Undercurrents – A poem

I love France.

Always have.

I’ve been there many times. In fact, I’ve a hankering to go there right now.

But my memories will have to suffice.

This is a poem I wrote in Antibes.

I was sitting on a terrace by the sea, nibbling on a Nicoise salad, when I noticed a woman and her son at a table nearby.



© David Milligan-Croft.

‘Certainement, mon cherie,’ she said

To her son, who asked for a crust of baguette.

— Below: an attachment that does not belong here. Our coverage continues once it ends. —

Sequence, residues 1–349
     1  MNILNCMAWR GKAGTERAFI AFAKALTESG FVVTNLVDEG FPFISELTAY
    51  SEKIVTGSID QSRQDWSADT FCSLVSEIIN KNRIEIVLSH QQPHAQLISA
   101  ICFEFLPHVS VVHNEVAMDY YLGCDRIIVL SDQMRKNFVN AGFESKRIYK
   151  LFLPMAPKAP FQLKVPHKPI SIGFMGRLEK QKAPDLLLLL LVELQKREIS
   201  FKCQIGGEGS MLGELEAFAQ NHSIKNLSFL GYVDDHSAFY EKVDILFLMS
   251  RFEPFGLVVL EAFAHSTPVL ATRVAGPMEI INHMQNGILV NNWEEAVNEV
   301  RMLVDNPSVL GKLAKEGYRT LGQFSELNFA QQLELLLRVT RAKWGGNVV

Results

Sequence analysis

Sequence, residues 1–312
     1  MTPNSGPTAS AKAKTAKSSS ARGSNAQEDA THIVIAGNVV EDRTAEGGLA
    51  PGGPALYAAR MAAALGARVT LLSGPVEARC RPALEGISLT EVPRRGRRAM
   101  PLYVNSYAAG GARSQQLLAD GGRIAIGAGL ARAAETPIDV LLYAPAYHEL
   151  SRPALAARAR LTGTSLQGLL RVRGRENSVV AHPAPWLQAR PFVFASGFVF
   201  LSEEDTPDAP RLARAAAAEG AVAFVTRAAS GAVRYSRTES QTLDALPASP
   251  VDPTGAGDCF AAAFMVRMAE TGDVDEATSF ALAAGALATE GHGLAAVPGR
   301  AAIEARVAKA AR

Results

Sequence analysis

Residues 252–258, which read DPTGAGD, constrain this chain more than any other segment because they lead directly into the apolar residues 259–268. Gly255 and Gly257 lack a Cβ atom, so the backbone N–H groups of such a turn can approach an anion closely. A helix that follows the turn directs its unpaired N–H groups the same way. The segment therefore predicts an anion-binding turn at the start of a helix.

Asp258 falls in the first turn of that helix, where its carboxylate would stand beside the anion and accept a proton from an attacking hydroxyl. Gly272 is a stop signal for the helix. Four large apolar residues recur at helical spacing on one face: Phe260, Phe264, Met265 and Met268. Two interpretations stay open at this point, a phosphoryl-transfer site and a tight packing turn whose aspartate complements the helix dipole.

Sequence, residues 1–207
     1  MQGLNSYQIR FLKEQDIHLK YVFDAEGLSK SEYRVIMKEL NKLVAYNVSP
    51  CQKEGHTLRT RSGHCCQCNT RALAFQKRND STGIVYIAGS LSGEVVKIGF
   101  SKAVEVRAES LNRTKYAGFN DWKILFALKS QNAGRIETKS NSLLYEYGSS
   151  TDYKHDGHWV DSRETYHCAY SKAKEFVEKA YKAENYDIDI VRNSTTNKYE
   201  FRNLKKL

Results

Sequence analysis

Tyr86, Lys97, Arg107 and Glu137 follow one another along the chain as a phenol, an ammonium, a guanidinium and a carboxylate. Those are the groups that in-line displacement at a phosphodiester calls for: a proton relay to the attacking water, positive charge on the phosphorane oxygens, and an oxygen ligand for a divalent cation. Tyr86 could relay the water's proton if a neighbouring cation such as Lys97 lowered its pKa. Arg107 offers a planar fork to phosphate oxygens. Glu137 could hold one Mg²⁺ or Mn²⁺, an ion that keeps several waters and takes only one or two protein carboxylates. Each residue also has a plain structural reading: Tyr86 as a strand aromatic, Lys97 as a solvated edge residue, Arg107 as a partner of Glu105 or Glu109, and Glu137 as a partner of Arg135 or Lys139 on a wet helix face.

Occasionally, she would press her face

Against his cheek and kiss his salty skin,

Or rub her fingers through his brown, tousled hair.

And when he didn’t return

From his after-lunch swim,

She stood gracefully, adjusted the hem

Of her black, linen dress, and strolled across the terrace

To the water’s edge.

Shielding her eyes,

Like a salute to the sun,

She gazed out across the coruscating bay.

Then she waved,

Returned to her seat,

Hiding a mother’s concern

Behind tortoiseshell sunglasses.

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Filed under Poetry, Writing

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